Hadden cleared some of the earlier shafts near the Pit and made plans for exploratory drilling
the next summer. However, he made two discoveries away from the Pit.
The first was a fragment of a stone bearing inscriptions similar to those found
on the inscribed stone discovered at the 90 foot level of the Money Pit. The
second discovery was of several old timbers in Smith's Cove. These timbers
seem to have been from the original designers due to the fact that they were
joined using wooden pins rather than metal. As will be seen later these
timbers were only a small part of a much larger construction.
Mystery Deepens
The next treasure hunter was Erwin Hamilton. He began his search in 1938 by clearing out
previous shafts and doing some exploratory drilling. In 1939 during drilling two more discoveries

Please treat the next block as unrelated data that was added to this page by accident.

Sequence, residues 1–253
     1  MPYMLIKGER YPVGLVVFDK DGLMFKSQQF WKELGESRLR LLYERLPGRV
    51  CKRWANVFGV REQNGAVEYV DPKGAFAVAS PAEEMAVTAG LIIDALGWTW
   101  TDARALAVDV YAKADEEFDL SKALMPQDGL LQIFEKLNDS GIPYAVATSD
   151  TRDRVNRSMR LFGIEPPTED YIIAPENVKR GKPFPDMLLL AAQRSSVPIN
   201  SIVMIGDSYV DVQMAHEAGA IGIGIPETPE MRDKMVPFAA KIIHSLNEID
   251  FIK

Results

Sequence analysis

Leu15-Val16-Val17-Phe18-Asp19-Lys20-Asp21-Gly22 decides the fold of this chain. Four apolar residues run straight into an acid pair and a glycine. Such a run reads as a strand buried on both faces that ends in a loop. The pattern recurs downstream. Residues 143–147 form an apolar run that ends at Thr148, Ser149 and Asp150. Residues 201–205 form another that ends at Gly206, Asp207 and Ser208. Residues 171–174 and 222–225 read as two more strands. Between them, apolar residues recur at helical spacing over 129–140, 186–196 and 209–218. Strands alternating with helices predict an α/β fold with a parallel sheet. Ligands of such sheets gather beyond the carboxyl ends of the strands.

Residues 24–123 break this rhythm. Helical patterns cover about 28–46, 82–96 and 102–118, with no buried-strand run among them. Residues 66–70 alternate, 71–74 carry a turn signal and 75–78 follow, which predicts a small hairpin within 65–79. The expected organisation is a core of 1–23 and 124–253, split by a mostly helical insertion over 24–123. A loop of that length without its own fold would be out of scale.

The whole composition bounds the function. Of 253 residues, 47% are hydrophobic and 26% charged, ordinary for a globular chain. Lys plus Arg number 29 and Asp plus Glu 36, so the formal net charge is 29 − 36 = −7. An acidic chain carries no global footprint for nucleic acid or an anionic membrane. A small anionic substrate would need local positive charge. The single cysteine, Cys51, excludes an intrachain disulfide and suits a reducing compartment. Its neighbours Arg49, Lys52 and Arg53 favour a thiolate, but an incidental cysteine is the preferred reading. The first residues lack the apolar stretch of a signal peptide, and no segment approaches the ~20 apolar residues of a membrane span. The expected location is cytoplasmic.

were made. The first was the finding of rocks and gravel at 190 feet. According to Hamilton they
were foreign and therefore placed there by someone. The second finding came after clearing
out an earlier shaft down to 176 feet. At this point a layer of limestone was encountered and
drilled through. The drilling brought up oak splinters. Apparently there was wood BELOW the
natural limestone.
Tragedy Strikes
In 1959 Bob Restall and his family began their attack on the island which ultimately proved
His one discovery was made on the Smith's Cove beach while attempting to stop the drain
system. He found a rock with "1704" inscribed on it. Though others believed it was prank left by
a previous search team, Restall believed it was from the time of the original construction.
In 1965 tragedy struck. While excavating a shaft Bob passed out and fell into the water at the